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Air France to shed over 5000 jobs by 2014

Reuters/Eric Gaillard

Air France announced on Thursday that it hopes to shed 5,122 jobs in voluntary redundancies by 2014 as part of a vast plan to make the struggling French airline profitable.

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If new agreements are signed by staff then "Air France has pledged not to make redundancies and to implement various measures to support the necessary reduction in staff numbers," a communiqué said.

The Franco-Dutch carrier Air France-KLM has launched a major cost-saving programme after posting a loss of 809 million euros for 2011 and a first quarter net loss in 2012 of 368 million euros.

Shares in Air France-KLM, in which the French state holds a 15 percent stake, shot up by over 7.0 percent after the announcement, which would mean a reduction of its workforce by about 10 per cent.

The company said that the new framework agreement is "a major condition of the company's recovery" and the carrier needs to increase economic efficiency by 20 percent by the end of 2014.

Air France said that draft agreements should be ready for signing by unions on June 28.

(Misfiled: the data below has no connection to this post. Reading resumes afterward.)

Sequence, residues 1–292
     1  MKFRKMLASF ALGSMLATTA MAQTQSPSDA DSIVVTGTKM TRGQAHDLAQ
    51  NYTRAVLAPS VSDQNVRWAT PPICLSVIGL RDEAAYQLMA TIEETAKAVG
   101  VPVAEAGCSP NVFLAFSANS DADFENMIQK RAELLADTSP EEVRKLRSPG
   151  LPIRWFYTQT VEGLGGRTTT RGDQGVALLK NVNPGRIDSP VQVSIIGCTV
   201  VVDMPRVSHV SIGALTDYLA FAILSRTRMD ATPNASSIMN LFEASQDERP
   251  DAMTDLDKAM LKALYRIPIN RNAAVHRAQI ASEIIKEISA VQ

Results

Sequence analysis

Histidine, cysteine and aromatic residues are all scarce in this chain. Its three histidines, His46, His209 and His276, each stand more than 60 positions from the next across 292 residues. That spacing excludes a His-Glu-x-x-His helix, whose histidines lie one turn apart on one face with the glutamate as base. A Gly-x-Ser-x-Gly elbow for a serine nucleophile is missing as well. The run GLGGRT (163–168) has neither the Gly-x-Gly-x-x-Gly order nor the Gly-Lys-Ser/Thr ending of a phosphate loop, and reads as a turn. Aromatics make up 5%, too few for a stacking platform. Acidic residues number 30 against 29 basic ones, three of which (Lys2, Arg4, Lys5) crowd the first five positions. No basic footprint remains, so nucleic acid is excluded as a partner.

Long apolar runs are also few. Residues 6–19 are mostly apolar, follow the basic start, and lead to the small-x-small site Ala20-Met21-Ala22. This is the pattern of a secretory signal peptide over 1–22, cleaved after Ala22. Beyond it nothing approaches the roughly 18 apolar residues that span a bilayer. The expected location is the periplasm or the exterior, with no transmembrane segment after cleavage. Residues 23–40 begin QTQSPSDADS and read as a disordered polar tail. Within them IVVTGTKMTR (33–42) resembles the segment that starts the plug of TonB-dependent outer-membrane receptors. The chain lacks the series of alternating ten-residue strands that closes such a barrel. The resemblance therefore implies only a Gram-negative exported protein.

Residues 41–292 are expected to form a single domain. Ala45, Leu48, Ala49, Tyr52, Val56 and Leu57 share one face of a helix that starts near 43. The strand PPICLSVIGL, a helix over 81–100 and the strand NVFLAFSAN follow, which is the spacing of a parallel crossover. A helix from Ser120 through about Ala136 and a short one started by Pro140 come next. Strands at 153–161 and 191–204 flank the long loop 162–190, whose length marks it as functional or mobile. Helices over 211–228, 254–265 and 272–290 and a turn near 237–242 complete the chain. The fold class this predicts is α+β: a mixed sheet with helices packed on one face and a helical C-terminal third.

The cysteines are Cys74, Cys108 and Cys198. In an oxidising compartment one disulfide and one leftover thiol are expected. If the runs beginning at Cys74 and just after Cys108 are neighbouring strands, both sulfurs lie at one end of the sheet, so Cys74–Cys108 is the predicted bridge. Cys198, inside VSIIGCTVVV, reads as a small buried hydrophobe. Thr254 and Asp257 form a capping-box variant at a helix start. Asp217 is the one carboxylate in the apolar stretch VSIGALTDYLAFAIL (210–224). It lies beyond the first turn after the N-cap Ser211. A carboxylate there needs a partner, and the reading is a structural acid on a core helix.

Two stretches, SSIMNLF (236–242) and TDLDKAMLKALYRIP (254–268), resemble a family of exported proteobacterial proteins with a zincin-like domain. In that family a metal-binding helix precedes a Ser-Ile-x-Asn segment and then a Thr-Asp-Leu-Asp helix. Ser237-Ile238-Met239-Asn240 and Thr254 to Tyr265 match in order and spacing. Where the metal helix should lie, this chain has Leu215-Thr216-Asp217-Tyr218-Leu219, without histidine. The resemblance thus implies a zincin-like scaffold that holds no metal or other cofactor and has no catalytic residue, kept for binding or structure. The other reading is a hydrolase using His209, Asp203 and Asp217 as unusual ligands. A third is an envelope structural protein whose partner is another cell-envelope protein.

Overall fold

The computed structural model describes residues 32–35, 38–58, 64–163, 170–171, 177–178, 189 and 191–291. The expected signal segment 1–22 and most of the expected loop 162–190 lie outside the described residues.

The efficacy of the plan will be evaluated in the second half of 2013 and if the 20 percent improvement is achieved "the use of forced departures will also be avoided in 2014," the company said.

If the agreements are not signed then the improved efficiency would be achieved "in a much more economically constrained context."

French Employment Minister Michel Sapin said ahead of Air France's announcement that "dialogue should allow the company to return to financial balance."

"The management says that 'if nothing is done, this big company might collapse... We must maintain this big global French company that is Air France," Sapin said.

Air France CEO Alexandre de Juniac said that "Air France is facing a fundamental choice about its future."

"Our business plan has two ambitions: to ensure Air France returns to profitability and to better serve our customers. If we all make the necessary equitably distributed efforts, there will be no forced departures," he said.

But unions said they were seeking job guarantees in exchange.

"This does not satisfy us. We want a formal undertaking on the entire
plan," or guaranteeing jobs up to 2015, said Michel Salomon of the CFDT union.

 

 

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